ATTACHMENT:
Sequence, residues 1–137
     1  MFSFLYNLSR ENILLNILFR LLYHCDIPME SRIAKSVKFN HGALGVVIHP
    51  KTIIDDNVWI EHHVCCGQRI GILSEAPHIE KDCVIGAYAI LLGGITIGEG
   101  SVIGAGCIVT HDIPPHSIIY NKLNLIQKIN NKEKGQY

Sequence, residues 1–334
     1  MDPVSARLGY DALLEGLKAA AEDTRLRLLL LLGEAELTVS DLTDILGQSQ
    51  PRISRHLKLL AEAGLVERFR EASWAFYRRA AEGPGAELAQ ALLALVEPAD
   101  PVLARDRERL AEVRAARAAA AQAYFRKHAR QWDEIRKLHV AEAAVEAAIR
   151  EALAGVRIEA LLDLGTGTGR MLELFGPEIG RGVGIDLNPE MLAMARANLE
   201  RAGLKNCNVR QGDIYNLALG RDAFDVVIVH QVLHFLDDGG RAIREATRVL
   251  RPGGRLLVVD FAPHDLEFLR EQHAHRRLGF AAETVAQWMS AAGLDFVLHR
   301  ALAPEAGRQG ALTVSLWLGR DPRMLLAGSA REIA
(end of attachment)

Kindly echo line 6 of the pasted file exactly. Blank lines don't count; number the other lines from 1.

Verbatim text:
     1  MDPVSARLGY DALLEGLKAA AEDTRLRLLL LLGEAELTVS DLTDILGQSQ